Want to say--I am a big fan of your site. The Alice Schroeder interview you posted today was great. Any plans to post equity ideas (e.g. full write-ups) on your Schloss/Value Investing site the way you do debt instruments on distressed debt? I know there are other communities that sort of do this (zero sum ; value investor club), but frankly, they don't do it as well as the write-ups you share from DDIC. By the way--very jealous of the above offer. Rdaws, you'd be a fool not to take him up on the above offer. Best
post #9 of 13
Quote:
Originally Posted by fairholme_wannabe View Post
Want to say--I am a big fan of your site. The Alice Schroeder interview you posted today was great. Any plans to post equity ideas (e.g. full write-ups) on your Schloss/Value Investing site the way you do debt instruments on distressed debt? I know there are other communities that sort of do this (zero sum ; value investor club), but frankly, they don't do it as well as the write-ups you share from DDIC.

By the way--very jealous of the above offer. Rdaws, you'd be a fool not to take him up on the above offer.

Best

+100

don't know how you can juggle with a full time job AND running all these blogs!
post #10 of 13
how much do you know about the industry? good luck finding long/short equity guys. its a brutal year for equities; 75%+ movements are correlated, its an absolute nightmare for stock pickers.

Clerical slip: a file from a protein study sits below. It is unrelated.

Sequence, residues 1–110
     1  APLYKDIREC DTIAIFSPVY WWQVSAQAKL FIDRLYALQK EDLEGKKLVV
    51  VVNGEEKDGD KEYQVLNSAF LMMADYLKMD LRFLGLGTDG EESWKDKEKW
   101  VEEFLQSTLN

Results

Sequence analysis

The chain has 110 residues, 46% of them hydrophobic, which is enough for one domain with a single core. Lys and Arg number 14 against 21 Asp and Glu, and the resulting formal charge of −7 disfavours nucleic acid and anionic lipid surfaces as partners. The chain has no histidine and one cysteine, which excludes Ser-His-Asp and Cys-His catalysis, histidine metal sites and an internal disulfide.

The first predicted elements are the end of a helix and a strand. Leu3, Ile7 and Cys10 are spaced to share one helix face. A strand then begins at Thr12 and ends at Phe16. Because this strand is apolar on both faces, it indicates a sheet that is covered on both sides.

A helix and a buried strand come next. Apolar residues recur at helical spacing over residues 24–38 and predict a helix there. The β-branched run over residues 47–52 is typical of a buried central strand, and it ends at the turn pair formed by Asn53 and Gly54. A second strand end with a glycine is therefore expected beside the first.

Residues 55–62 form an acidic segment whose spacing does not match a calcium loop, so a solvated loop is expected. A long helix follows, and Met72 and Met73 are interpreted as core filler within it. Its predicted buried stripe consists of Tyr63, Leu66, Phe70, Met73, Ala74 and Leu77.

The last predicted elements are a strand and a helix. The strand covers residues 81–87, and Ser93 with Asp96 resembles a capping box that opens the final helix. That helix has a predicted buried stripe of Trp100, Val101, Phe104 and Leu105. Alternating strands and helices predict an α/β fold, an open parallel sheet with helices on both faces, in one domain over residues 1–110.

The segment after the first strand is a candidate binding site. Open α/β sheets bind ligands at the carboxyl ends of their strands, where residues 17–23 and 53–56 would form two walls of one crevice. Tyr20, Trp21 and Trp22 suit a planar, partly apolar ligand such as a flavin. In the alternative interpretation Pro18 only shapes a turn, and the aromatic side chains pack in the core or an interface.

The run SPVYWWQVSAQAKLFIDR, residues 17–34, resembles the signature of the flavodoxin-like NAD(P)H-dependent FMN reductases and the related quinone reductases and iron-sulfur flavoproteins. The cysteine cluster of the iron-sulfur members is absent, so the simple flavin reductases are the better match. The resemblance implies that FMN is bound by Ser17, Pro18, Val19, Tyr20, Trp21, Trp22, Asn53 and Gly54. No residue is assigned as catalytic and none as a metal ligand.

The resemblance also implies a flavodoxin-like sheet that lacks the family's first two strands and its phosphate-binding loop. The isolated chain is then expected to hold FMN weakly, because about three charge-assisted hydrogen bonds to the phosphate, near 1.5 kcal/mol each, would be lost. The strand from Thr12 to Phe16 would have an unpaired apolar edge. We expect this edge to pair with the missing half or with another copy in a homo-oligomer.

to start, the CFA Basics book should prep you for most of the basic basic accounting stuff. that book is so fundamental to stock picking that u should know everything in it.

depending on the firm, they either hire sector specific analyst or generalists. so if you are serving a very specific industry clients at the moment, it will help a bit.

btw, what kind of consulting? bcg/mckinsy strategic consulting will not be too hard. IT consulting, good fucking luck; better finding a job at SFBA as software engineer for better pay.
post #11 of 13
Quote:
Originally Posted by vitaminc View Post
how much do you know about the industry? good luck finding long/short equity guys. its a brutal year for equities; 75%+ movements are correlated, its an absolute nightmare for stock pickers.

to start, the CFA Basics book should prep you for most of the basic basic accounting stuff. that book is so fundamental to stock picking that u should know everything in it.

depending on the firm, they either hire sector specific analyst or generalists. so if you are serving a very specific industry clients at the moment, it will help a bit.

btw, what kind of consulting? bcg/mckinsy strategic consulting will not be too hard. IT consulting, good fucking luck; better finding a job at SFBA as software engineer for better pay.

^Yea it depends what kind of consulting. If its MBB then you are MUCH better off than anywhere else.
post #12 of 13
post #13 of 13
Not funny